GERMANY – Bayer AG, the German pharmaceutical and agriculture giant, experienced its most significant market decline ever, witnessing a staggering loss of about €7.6 billion (US$8.3 billion) in market value.
This plunge follows major legal setbacks and the discontinuation of a crucial drug-development study, intensifying pressure on the company’s new CEO, Bill Anderson, to articulate a robust turnaround strategy.
The company’s troubles stem from the cessation of the primary study for its leading experimental drug and a substantial legal defeat in the United States concerning its weed killer, Roundup.
These setbacks triggered a share decline of up to 19% in Frankfurt trading, marking the lowest level in over a decade for Bayer.
Bill Anderson, who assumed the role of Chief Executive in June, now faces a daunting task as he contemplates the potential breakup of the conglomerate, which operates in both the pharmaceutical and agriculture sectors.
The challenges mounted after Bayer’s US$63 billion acquisition of Monsanto faced complications, and its pharmaceutical unit confronted looming patent expirations for key treatments.
The recent decision to halt a late-stage test for the anti-thrombotic drug asundexian, touted as a potential blockbuster therapy, due to insufficient efficacy has sent shockwaves through the industry.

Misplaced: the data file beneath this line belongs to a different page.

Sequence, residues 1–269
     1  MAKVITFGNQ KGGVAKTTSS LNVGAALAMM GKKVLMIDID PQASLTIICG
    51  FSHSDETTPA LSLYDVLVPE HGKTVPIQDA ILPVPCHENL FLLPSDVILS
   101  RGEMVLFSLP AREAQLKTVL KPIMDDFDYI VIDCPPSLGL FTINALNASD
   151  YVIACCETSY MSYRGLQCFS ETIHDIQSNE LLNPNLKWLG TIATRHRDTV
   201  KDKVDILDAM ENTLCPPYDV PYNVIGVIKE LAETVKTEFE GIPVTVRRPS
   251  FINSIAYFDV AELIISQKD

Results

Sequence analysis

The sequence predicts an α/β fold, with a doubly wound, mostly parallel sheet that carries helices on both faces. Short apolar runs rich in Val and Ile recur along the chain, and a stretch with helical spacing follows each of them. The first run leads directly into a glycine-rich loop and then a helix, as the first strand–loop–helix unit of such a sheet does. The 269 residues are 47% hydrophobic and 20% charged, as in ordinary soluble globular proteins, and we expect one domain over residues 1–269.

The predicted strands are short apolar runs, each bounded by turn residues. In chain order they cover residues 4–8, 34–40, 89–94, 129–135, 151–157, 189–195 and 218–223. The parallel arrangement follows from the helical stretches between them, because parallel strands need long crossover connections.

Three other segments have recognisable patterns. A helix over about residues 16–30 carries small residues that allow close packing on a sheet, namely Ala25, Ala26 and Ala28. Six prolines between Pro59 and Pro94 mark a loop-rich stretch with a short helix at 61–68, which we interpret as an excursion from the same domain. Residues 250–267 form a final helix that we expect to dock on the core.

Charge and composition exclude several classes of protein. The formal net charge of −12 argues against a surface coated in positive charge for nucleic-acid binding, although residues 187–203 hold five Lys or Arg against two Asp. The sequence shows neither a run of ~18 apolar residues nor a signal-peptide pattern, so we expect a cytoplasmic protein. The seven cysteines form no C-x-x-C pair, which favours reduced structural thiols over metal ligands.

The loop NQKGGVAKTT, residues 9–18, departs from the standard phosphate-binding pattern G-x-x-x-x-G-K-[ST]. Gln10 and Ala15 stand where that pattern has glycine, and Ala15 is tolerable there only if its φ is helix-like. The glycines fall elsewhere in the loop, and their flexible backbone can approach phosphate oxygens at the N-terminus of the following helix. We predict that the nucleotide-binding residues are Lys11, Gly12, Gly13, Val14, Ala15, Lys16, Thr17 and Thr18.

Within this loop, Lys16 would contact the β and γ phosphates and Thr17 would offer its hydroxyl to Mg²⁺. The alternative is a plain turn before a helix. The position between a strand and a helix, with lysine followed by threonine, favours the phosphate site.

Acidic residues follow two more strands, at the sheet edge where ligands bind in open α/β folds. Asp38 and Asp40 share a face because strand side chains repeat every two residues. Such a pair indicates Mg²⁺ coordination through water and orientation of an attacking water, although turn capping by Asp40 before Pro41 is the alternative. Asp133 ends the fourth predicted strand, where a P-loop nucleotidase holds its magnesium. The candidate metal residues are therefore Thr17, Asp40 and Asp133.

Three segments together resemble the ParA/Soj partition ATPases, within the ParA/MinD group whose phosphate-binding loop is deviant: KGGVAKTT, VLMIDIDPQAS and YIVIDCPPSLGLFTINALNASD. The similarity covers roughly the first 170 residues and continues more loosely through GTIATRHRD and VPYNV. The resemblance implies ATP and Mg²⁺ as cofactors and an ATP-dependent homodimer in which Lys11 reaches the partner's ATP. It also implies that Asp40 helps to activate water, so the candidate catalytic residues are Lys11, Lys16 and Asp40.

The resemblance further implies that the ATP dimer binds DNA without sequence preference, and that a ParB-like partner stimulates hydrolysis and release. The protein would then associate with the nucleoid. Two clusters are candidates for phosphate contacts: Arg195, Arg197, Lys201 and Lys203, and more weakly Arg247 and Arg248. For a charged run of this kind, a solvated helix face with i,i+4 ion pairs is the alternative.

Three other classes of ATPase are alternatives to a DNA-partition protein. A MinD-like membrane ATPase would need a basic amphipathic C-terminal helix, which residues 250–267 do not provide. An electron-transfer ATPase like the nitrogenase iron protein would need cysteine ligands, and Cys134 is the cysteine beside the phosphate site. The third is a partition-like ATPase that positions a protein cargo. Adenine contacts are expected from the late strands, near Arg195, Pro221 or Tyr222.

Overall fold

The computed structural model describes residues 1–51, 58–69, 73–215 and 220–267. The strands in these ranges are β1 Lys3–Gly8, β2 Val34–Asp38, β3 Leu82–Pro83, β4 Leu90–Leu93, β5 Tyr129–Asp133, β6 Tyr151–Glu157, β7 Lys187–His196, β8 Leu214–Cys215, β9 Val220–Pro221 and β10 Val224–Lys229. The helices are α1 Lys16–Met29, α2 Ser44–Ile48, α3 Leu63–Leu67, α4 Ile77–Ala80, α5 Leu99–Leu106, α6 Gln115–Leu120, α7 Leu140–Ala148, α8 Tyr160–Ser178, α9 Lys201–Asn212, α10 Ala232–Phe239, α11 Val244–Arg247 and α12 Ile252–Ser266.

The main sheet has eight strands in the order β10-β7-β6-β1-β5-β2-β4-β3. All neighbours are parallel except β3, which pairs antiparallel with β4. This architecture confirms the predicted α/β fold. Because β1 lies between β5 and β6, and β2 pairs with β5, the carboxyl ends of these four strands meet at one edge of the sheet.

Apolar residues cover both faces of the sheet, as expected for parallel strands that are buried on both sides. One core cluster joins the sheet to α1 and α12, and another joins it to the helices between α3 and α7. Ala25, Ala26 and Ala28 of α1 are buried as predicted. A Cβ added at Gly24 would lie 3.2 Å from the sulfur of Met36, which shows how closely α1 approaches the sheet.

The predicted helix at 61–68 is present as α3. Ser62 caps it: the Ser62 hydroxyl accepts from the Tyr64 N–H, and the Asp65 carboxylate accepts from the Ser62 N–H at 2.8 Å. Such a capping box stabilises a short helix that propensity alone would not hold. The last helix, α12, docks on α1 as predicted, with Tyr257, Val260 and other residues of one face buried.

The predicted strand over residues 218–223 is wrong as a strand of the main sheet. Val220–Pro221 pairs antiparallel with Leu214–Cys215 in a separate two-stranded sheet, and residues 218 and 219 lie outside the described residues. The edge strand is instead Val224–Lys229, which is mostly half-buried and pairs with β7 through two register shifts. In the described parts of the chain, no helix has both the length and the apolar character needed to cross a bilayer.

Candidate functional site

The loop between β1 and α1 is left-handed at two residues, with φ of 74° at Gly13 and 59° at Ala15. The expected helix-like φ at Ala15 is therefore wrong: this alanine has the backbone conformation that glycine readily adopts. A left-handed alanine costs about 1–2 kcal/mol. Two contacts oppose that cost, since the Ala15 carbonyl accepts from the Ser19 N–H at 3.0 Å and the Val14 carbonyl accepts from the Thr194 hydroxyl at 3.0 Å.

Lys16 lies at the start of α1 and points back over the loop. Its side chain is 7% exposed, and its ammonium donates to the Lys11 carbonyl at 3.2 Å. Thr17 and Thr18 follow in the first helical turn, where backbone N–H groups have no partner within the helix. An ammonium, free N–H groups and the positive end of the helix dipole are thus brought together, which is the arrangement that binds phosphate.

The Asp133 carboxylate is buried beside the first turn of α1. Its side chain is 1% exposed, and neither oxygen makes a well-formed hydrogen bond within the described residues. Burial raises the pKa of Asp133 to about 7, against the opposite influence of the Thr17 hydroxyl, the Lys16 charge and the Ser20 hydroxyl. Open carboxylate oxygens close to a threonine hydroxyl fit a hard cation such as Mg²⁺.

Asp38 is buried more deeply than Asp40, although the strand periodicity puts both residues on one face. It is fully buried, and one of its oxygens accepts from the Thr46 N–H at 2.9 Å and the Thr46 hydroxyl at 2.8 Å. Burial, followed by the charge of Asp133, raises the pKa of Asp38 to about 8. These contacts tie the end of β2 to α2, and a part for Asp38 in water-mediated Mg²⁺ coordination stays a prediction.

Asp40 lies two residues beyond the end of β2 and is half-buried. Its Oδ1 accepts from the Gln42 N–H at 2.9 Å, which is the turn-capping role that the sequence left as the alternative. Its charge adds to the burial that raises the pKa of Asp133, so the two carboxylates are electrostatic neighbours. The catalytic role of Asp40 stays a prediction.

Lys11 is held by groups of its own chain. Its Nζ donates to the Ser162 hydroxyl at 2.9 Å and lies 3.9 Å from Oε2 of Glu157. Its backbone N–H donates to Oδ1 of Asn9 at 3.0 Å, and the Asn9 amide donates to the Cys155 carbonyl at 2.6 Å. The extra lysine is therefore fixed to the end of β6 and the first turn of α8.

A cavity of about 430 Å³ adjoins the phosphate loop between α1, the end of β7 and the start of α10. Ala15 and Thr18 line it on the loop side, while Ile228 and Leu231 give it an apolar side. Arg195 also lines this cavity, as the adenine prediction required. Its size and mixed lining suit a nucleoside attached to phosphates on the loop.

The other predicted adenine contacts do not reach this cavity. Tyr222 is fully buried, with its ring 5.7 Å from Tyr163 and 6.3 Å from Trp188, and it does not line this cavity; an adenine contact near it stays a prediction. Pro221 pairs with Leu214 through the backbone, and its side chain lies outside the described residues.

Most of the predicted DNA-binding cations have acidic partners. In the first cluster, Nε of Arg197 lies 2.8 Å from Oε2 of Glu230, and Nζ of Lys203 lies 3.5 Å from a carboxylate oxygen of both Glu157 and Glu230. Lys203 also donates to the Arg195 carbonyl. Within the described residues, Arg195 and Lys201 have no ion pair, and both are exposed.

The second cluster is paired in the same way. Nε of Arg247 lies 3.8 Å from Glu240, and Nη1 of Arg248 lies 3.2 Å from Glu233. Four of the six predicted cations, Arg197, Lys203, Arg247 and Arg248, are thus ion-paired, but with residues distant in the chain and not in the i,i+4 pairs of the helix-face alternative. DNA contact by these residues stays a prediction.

Analysts, including Markus Manns of Union Investment, expressed surprise at this development, considering asundexian a cornerstone of Bayer’s pharmaceutical pipeline.
Manns suggested that Bayer should have sought a partner to share the development costs and risks associated with the drug.
In addition to the drug development setback, Bayer received an unfavorable verdict in a Missouri trial related to its weed killer, Roundup.
A jury ordered Bayer’s Monsanto unit to pay over US$1.5 billion to three former Roundup users who attributed their cancers to the product.
The legal battles around Roundup have been ongoing, with Bayer insisting on the product’s safety and pledging to appeal the verdicts.
The legal challenges pose a substantial risk to Anderson’s potential plan to spin off the agriculture division. Sebastian Bray, an analyst with Berenberg, pointed out that the looming legal risks could complicate such a strategic move.
The failed drug, asundexian, was positioned as a growth driver to compensate for the anticipated patent expirations of Bayer’s current best-selling medicines, Xarelto and Eylea.
Unfortunately, an independent panel found that asundexian underperformed the standard of care in preventing stroke and systemic embolism in patients with atrial fibrillation, a form of abnormal heart rhythm.
The discontinuation of the study dealing a blow to the estimated peak sales of €5.5 billion (US$6.02 billion) for the drug, especially in preventing strokes and systemic embolisms in atrial fibrillation patients, which constituted about €4 billion (US$4.4 billion) of the total. Analysts from Morgan Stanley termed this decision “a meaningful negative” for Bayer.
Bayer intends to proceed with another study involving asundexian, albeit with a narrower market opportunity. The company also faces the critical decision of whether to pursue a test in elderly patients.